- "Individuals with these tumors often responded to TKI therapy, but usually had progressive disease after 6–12 months of therapy. These resistant tumors often acquired either an additional mutation (T790M) in exon 20 of EGFR or a second mutation in the downstream pathway of EGFR, both resulting in the development of resistance to EGFR-TKI [10–12]. "
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Sensitivity to a tyrosine kinase inhibitor (TKI) is correlated with the presence of somatic mutations that affect the kinase domain of epidermal growth factor receptor (EGFR). Development of resistance to TKI is a major therapeutic problem in non-small cell lung cancer (NSCLC). Aim of this study is to identify agents that can overcome TKI resistance in NSCLC.
We used a carefully selected panel of 12 NSCLC cell lines to address this clinical problem. Initially, the cell lines were treated with a variety of 10 compounds. Cellular proliferation was measured via MTT assay. We then focused on the gefitinib-resistant, EGFR mutant cell lines [H1650: exon 19 and PTEN mutations; and H1975: exons 20 (T790M) and 21 (L858R)] to identify agents that could overcome TKI resistance.
Both 17-DMAG (Hsp90 inhibitor) and belinostat (histone deacetylase inhibitor, HDACi) effectively decreased the growth of almost all NSCLC lines. Also, belinostat markedly decreased the expression of EGFR and phospho-Akt in the cells. Combination of 17-DMAG and belinostat synergistically inhibited in vitro proliferation of these cells. Furthermore, both agents and their combination almost completely prevented TKI-resistant tumor formation (EGFR T790M mutation) in a xenograft model.
These results suggest that the combination of 17-DMAG and belinostat should be examined in a clinical trial for TKI-resistant NSCLC cell.
Available from: ncbi.nlm.nih.gov
- "Cells degrade proteins through two major systems, the proteasome and the lysosome. The proteasome is involved in the degradation of most cytosolic and nuclear proteins as well as some membrane proteins    and removes misfolded or misaggregated proteins in the endoplasmic reticulum . The lysosome degrades membrane proteins and extracellular materials that enter the cell via endocytosis . "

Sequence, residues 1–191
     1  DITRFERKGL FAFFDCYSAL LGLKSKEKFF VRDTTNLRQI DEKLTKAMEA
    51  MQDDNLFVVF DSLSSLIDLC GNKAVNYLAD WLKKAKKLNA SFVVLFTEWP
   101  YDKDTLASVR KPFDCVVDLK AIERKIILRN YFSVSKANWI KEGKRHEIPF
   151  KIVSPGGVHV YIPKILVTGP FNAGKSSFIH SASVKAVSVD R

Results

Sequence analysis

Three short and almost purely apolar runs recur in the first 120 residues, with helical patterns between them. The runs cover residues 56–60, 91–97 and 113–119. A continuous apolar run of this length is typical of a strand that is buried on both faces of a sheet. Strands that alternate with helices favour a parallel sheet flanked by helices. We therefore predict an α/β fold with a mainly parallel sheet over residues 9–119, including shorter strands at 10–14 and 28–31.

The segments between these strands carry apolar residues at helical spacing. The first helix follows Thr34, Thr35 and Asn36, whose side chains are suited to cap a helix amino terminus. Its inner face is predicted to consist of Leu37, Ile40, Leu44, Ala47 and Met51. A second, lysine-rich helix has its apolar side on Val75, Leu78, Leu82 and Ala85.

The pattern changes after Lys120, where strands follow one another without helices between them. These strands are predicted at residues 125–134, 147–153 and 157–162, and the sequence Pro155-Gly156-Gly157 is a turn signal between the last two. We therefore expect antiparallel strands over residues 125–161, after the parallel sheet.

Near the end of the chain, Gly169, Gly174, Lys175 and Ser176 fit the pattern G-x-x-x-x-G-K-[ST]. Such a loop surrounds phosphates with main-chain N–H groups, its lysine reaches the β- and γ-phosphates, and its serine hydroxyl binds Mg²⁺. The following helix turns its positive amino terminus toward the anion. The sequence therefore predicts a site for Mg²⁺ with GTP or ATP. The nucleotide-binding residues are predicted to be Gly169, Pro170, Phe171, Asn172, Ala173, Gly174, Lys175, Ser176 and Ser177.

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ABSTRACT: Human organic anion transporter hOAT1 plays a critical role in the body disposition of environmental toxins and clinically important drugs including anti-HIV therapeutics, anti-tumor drugs, antibiotics, anti-hypertensives, and anti-inflammatories. hOAT1 has two GXXXG motifs in its transmembrane domains 2 and 5, a motif linked to the protein processing and oligomerization of other proteins. In the current study, we substituted glycine of these GXXXG motifs with alanine and evaluated the effect of such mutations on the expression and function of hOAT1. Mutations of GXXXG motif in the transmembrane domain 2 resulted in mutants G144A and G148A, both of which had no transport activity due to complete loss in the surface and total cell expression of the transporter protein. Treatment of G144A- and G148A-expressing cells with proteasomal inhibitor resulted in the recovery of ER-resident immature form of hOAT1, but not its surface-resident mature form, whereas treatment of these cells with lysosomal inhibitor had no effect on the expression of the mutant transporters. Mutations of GXXXG motif in the transmembrane domain 5 resulted in mutants G223A and G227A, among which only G227 had dramatic reduction of transport activity due to dramatic loss in the surface and total cell expression of the transporter. The reduction in the surface expression of G227 was consistent with the decrease in maximum transport velocity Vmax. Treatment of G227A-expressing cells with proteasomal inhibitor or lysosomal inhibitor resulted in partial recovery of both the immature form and the mature form of hOAT1 in the total cell extracts. However, such partial recovery of the mature form in total cell extracts did not lead to the partial recovery of surface expression and function of the transporter. Our data suggest that the GXXXG motifs in transmembrane domains 2 and 5 play critical roles in the stability of hOAT1.